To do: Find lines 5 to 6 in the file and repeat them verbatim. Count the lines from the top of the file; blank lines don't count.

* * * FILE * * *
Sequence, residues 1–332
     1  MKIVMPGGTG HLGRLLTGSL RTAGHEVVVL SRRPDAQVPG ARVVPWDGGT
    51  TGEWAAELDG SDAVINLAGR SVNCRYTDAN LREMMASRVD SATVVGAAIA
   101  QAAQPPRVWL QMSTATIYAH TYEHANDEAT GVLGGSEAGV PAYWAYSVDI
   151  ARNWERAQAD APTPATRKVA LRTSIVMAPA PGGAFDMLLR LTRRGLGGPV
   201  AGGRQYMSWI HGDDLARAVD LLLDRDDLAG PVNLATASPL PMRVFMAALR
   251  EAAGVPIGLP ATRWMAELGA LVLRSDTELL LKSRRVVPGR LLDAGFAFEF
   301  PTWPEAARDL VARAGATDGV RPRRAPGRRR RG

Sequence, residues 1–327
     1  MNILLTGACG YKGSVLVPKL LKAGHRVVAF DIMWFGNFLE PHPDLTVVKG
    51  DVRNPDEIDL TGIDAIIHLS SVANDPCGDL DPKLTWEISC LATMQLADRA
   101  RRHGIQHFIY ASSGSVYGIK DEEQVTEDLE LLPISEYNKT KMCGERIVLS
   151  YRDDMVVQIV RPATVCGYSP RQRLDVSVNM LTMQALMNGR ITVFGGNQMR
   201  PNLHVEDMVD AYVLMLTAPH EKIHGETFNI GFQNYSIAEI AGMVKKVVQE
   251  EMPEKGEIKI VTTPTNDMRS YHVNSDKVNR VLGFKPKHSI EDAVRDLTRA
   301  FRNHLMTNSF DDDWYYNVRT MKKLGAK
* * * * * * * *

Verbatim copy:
   151  ARNWERAQAD APTPATRKVA LRTSIVMAPA PGGAFDMLLR LTRRGLGGPV
   201  AGGRQYMSWI HGDDLARAVD LLLDRDDLAG PVNLATASPL PMRVFMAALR